Following the decision yesterday by CH2M Hill to walk away from the Phase 2b development partner contract, today MPs have supported Stop HS2s call for an inquiry into procurement practices within HS2. Whilst the focus has so far been on this specific contract, serious questions have to be asked about the current £350m contract of Phase 1 delivery partner. This contract gives CH2M Hill, who have a track record of both conflict of interests and going well over budget, a significant say in who gets the £8.6bn worth of construction contracts for Phase 1.
It was announced last week that the award of those contracts, which was meant to have taken place this week, has been put back to June. But Parliamentary insiders have since told Stop HS2 that July is the very earliest, with there being ‘no chance’ that construction would start this year. As ‘delivery partner’, CH2M will have had significant input in drawing up the shortlist of preferred contractors and will, as things stand, have a say in who gets them.
In terms of the contract that CH2M have walked away from, this was as a result of losing bidder, Mace, going so far as to hire a QC and threaten a Judicial Review. Despite this, it seems that Becthel, who like CH2M are a member of the “High Speed Rail Industry Leaders Group”, or more rightly ‘cartel’ are likely to get the award.
Today, the Labour Shadow Transport Secretary Andy McDonald said at Transport Questions:
“Whilst we await a formal response about how a DFT senior civil servant awarded a rail franchise whilst part-owning the consultancy advising the successful bidder, yesterday it was announced that HS2 have dropped their £170m engineering contract with CH2M. The CEO of HS2 and now the full time appointment came from CH2M, and more than that HS2s former chief of staff worked on the engineering company’s bid for the project, and now the director general of HS2 has resigned this very morning.”
“I don’t agree with the taxpayers’ alliance when they say it doesn’t pass the smell test, because it stinks to high heaven. So will the SoS order an immediate independent inquiry into these goings on, because his silence on this issue speaks volumes?”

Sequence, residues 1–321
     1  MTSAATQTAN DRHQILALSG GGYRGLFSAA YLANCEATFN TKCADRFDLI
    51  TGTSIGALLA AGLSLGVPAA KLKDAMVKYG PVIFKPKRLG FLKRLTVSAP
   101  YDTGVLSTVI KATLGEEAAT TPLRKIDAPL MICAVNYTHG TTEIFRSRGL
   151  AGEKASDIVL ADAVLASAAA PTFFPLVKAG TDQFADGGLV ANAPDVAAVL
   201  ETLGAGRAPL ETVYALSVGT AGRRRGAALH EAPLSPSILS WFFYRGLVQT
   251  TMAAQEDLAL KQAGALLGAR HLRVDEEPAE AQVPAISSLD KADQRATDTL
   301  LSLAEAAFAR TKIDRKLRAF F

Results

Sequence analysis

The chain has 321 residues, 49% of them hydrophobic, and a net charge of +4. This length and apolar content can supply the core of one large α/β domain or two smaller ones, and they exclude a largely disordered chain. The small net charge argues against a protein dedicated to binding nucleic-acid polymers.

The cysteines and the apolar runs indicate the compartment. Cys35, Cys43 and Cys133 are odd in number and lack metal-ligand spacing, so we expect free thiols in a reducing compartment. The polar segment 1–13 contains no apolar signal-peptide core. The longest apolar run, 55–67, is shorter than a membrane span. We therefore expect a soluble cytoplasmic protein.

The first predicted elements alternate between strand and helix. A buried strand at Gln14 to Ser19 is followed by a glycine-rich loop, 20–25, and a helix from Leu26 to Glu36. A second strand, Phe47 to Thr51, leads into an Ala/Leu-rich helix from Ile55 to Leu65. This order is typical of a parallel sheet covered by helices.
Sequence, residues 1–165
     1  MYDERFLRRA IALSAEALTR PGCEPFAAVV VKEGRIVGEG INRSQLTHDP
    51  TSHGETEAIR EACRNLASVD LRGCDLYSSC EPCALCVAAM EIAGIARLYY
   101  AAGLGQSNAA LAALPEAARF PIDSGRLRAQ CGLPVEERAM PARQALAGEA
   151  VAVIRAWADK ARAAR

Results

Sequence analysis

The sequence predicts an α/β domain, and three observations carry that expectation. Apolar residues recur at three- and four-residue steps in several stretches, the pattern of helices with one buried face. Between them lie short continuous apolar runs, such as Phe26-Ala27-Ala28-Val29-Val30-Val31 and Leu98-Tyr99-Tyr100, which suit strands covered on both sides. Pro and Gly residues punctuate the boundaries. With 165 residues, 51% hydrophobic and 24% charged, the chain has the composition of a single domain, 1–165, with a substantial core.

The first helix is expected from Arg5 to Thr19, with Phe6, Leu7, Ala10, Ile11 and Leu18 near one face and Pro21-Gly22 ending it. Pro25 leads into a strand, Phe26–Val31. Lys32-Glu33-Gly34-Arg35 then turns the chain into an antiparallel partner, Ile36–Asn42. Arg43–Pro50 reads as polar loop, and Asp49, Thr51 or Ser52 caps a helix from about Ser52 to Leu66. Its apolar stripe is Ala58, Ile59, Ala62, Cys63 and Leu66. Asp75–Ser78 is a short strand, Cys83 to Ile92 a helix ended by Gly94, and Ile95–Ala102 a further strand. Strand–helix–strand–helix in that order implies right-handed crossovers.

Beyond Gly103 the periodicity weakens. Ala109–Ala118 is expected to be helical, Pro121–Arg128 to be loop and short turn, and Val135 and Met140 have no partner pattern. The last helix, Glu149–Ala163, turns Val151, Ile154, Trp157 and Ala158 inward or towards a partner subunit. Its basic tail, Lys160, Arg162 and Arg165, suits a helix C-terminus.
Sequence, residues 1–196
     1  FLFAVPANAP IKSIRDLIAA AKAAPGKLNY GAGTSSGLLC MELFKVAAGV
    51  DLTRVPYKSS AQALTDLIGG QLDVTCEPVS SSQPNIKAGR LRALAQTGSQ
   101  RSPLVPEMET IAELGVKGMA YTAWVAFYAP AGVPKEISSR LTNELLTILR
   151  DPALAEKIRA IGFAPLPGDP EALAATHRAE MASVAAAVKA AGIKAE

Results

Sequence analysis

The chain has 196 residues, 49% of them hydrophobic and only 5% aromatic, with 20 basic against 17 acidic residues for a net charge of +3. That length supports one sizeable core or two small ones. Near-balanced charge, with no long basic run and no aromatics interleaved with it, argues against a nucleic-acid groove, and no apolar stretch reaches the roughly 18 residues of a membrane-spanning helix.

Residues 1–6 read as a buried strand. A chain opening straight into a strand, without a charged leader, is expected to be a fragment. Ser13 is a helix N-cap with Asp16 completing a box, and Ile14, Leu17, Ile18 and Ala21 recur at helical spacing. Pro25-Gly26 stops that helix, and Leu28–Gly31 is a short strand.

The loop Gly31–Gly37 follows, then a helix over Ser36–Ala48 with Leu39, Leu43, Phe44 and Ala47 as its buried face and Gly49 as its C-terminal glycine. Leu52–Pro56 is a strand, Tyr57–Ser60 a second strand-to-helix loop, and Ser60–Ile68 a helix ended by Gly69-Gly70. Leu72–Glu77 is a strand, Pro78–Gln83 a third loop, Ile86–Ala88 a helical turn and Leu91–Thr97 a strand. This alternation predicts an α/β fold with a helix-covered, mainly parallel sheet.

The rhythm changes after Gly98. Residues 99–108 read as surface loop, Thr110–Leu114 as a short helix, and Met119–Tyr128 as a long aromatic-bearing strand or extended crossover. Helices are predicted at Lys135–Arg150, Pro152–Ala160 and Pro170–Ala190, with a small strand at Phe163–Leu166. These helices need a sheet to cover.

Transport Secretary Chris Grayling brushed off these concerns, saying:
“Let’s be clear about this. First of all, in terms of the appointments as CEO of HS2. I want the best person for that job, and we will always seek to employ the best person for that job. I will also ensure that if there are any questions around the recruitment process, those are addressed carefully, investigated carefully by the civil service to give me the reassurance that we can make an appointment without any concern about doing so. That we did, I have absolute confidence in both that recruitment process and in that new CEO.”
“The announcement made yesterday, that CH2M Hill have decided to withdraw from the contracting, after an issue, not a massive one, but an issue arose from the contracting process is the right one, I’m grateful to them for doing that, it is the right thing to do. I want to make sure that contracting processes in Government recruit the right expertise, corporate or individual, but that we are also robust in ensuring if things aren’t done right then that is addressed, and that is what has happened.”
“With billions of pounds of taxpayers money at stake, clearly with the announcements last night on HS2 confidence in the transparency and the decision making processes in HS2 Ltd and at CH2M have been called seriously into question.”
“First of all can the SoS tell us with CH2M, did they jump or were they pushed? Because a company giving up a £170m contract is enormous, and secondly will he give this house an undertaking that no other contracts will be issued to other bidders such as Betchel or Mace further down the line before a full inquiry has been conducted into the decision making process at HS2 and CH2M.”
Sadly, Grayling remained dismissive:
“I’m very clear on this CH2M have done the right thing in taking a step back, have identified a problem which would have called into question whether they could and should operate this contract. This was not a massive misdemeanour, it was an error in process which has caused them to take a step back, it will now be for the board of HS2 and its’ independent directors to make sure than in taking this contract forward they do the right thing, but I think from the point of view of the country, it is important that we get on with the job as well. We have all the necessary governance in place as we go forward in replacing CH2M, but we do need to get on with the job.”
Whilst Grayling was happy to try and brush this all under the carpet as a tiny little thing, Mace felt rather differently, saying:
“With so many questions being asked by the public and parliament, the only sensible thing to do now is to look at the whole tender process again. It’s important to note that conflicts of interest was only ever one element of our concerns, In our 26 year history we’ve never brought a case to the High Court or seen a procurement process run like this. We continue to closely review our next steps with our legal team and don’t rule anything out.”